The latest film from Neil Jordan is called The Brave One, but I'd be willing to bet money that the working title was The Stranger, since the word stranger is used repeatedly throughout the film to describe the alienated condition of the main character, a sotto voce radio personality played by Jodie Foster who turns into a piece-packing thrill-killer after being beaten nearly to death by some punks in Central Park and seeing her fiancé murdered by the same punks. That premise is oddly dated, of course, thanks to the extreme Disneyfication of New York City in the 90s, and The Brave One isn't brave or creative enough to simply posit an alternate 2007 in which those reforms never happened. Instead, the pre-existing societal ills that fuel Foster's character are laid out during a radio commentary she gives over the opening credits: chief among them is the fact that the Plaza Hotel is being closed down and her memories of Eloise are being tarnished! This is Death Wish meets Sex and the City, with all the seriousness that implies.

By choosing not to paint a portrait of a New York roiled by crime again -- at one point, a radio caller notes that the emergence of the vigilante is actually welcome, since New York has become so dull -- the film has little recourse except to make Foster's character one of the most unlucky people alive: after the brutal beating and murder in the park by a small gang of hoods -- her fiancé is played in a few early scenes by Naveen Andrews -- she becomes, in short order, the victim of knife-wielding, would-be rapists on the subway, walks in on a first-degree murder in progress and must defend herself against the killer, and happens upon a murderous pimp who mistakes her for a hooker. It's like a blood-and-guts version of that Lindsay Lohan movie where the main character's luck inexplicably turns to pot overnight. As long as the film has trouble looking for Foster instead of Foster looking for trouble, it's not saying much, really. It's only when her character starts to enjoy the violence that things start to get (mildly) interesting.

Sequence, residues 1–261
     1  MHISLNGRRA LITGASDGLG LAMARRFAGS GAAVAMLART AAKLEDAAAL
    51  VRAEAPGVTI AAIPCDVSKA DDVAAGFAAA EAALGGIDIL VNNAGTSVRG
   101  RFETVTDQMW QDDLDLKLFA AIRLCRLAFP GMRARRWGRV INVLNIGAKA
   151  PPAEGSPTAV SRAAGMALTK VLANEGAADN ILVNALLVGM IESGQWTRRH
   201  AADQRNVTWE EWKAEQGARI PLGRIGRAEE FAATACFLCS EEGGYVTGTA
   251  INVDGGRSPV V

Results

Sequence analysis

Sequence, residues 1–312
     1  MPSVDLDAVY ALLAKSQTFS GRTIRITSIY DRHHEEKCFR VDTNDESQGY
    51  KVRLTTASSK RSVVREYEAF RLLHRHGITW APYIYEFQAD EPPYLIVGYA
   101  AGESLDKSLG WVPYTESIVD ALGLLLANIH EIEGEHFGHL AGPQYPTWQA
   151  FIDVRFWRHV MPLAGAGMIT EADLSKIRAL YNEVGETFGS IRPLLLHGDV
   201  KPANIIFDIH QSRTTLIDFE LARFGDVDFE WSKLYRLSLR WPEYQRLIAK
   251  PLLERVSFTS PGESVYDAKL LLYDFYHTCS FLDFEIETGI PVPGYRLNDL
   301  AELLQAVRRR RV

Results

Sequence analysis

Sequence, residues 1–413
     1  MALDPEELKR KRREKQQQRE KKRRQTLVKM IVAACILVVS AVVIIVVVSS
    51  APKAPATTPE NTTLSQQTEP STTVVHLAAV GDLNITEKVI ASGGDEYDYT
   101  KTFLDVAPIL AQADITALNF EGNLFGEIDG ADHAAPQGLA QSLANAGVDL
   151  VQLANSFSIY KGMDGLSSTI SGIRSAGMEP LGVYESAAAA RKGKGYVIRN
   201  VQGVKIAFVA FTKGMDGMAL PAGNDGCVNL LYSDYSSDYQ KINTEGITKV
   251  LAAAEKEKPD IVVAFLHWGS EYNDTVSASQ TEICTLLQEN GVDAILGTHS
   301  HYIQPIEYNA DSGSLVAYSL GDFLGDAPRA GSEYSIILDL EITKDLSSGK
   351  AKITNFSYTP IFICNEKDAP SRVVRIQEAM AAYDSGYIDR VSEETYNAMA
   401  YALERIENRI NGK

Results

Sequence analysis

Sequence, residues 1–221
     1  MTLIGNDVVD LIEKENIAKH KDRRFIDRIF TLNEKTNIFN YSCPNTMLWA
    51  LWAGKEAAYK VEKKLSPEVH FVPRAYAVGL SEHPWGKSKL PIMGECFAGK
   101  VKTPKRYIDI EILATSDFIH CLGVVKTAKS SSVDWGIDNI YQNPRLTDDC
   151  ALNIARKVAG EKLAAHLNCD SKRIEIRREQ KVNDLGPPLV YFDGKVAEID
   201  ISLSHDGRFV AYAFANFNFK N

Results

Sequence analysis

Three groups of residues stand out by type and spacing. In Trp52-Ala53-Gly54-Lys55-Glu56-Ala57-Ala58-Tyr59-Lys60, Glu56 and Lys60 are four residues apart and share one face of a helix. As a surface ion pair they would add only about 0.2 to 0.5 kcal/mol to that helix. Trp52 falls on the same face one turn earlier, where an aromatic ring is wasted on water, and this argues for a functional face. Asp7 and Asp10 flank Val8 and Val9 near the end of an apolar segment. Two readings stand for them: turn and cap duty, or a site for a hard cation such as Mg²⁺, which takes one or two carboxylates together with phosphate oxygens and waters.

Co-starring with Foster is a homicide detective played by Terrence Howard, who happens to be in the hospital when she is first brought in after the beating. His awareness of her as a semi-celebrity causes him to peep in on her hospital room, and the vivid memory of her face, bruised up like purple bacon, forges some kind of subconscious connection between them that carries through the rest of the picture. After she's well, she learns of his assignment to her case and begins to track his movements, activity which he notices and at first chalks up to the routine curiosity of a semi-journalist. Neil Jordan has little choice except to try to make this relationship the film's strong suit, but it's too uneven and too low energy to build up either genuine tension or emotional resonance.

We've all seen this kind of character dynamic played out many times before, in better films -- eventually the cop will be brought along to the point where he has to either implicitly endorse or put a stop to the vigilante's criminal ride. For all its shortcomings, the picture is well-lensed by Philippe Rousselot, who shot Jordan's Interview with the Vampire and worked with Foster on the tepid Civil War mystery Sommersby. There's no jelly on the lens here -- 45 year-old Foster allows the camera to shoot her in extreme close-up for long stretches at a time, and holds up well under the scrutiny. As for Jordan, there's no real directorial malpractice that we can pin on him -- he seems to have done the best he could with what is ultimately substandard genre fare. The Brave One is a picture that rests on a weird foundation -- it desperately wants to have been made 25 years ago -- and it makes occasional grabs at relevance but then realizes how unattainable that goal is and settles in for more bang-bang moments. Those going into this film expecting some kind of corollary to Foster's other film about random violence, The Accused, will be disappointed for the simple reason that that was a serious film, and this is not.


Public TIFF screenings for The Brave One will be held Thursday, September 6th at 9pm and Friday, September 7th at 11:45am.